Ordinarily the Fast Food Critic talks about greasy lard burgers or the best ways to kill yourself by eating some scummy new “Pizza” from Pizza Hut, but I decided to take a different approach today.
I wanted to recommend the single best food documentary I’ve ever seen. It’s not a “Don’t eat this!” documentary (although I love those, and Food Inc. will change your diet completely) but one about the making of excellent food. It follows Jiro, a renowned sushi chef in Tokyo that is often heralded as the greatest living sushi chef, and holds the title of having the world’s smallest 3-star Michelin restaurant with only ten seats in his tiny establishment.
This is the first food documentary I’ve ever seen that I could actually call inspiring. It goes in depth as to exactly why Jiro (a model of discipline that would rival a Buddhist monk) is the best, how he trains his apprentices (at least ten years…before they can even make the egg rolls, let alone handle the fish), why overfishing is ruining the quality of sushi, and the long shadow he casts over his two adult sons who are hoping to inherit his legacy.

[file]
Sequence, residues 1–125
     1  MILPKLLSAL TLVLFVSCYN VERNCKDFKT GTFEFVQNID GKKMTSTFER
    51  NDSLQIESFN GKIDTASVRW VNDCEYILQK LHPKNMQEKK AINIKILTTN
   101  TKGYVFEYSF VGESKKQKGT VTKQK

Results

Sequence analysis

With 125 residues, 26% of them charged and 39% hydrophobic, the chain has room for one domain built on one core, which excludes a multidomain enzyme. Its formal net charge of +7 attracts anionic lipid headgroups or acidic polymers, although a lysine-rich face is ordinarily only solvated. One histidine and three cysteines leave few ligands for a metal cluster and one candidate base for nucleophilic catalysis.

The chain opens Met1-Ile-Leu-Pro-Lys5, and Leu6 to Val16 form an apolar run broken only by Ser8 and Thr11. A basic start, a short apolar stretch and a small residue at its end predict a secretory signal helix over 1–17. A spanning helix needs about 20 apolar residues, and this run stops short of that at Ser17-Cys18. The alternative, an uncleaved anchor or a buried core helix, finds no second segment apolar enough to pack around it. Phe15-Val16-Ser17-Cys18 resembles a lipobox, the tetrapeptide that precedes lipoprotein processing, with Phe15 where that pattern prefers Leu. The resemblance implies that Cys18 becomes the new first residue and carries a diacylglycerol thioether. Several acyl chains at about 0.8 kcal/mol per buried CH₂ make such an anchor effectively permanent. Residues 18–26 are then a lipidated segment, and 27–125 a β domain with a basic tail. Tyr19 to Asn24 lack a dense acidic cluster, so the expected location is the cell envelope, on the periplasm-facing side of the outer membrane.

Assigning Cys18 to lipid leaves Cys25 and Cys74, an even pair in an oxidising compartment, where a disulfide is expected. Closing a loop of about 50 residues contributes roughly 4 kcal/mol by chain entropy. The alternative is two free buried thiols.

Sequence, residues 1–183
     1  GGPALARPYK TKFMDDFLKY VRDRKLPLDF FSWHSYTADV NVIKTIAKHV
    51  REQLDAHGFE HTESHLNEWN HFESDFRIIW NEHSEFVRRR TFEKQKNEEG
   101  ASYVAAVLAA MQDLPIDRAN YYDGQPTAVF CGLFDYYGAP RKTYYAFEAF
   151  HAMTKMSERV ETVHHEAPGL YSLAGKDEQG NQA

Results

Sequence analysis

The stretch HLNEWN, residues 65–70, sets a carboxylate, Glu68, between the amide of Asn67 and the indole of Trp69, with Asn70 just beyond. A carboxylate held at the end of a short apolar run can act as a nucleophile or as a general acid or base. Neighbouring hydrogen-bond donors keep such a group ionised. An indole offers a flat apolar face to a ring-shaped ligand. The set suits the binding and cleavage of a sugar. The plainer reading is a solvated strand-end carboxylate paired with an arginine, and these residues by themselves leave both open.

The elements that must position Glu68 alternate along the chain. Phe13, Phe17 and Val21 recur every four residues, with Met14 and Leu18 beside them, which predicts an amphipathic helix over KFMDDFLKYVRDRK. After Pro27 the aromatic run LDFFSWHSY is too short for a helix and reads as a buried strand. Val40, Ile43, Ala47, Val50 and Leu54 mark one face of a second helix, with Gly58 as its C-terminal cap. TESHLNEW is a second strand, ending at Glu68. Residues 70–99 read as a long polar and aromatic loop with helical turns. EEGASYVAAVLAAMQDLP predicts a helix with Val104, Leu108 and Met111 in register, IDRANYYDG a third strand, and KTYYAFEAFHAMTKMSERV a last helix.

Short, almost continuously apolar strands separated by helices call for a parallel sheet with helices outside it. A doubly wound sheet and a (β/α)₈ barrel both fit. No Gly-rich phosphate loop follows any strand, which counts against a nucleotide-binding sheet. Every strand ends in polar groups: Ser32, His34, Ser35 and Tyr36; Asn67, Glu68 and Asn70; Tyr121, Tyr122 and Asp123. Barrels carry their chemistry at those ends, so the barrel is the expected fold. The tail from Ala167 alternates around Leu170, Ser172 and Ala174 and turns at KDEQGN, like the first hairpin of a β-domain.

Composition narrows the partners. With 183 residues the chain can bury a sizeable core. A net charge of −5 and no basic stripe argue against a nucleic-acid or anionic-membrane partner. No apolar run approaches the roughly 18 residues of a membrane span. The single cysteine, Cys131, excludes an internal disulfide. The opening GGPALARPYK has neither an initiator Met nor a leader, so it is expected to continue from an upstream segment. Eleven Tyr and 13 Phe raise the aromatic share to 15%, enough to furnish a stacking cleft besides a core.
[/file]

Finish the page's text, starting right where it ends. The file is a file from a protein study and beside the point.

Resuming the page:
But, for me, the best parts just detail the exacting methods Jiro takes in preparing the food. The montages of the right way to make octopus (massage it for 40 minutes so that it’s not so rubbery, then serve it hot so it brings out the flavor) set to classical music are close to nirvana. I’m not a foodie, I’ve never cared to watch TV shows that deal with food, and I don’t really care what restaurants I eat at. So for this doc to make me care shows just how transcendent it really is. Grade: A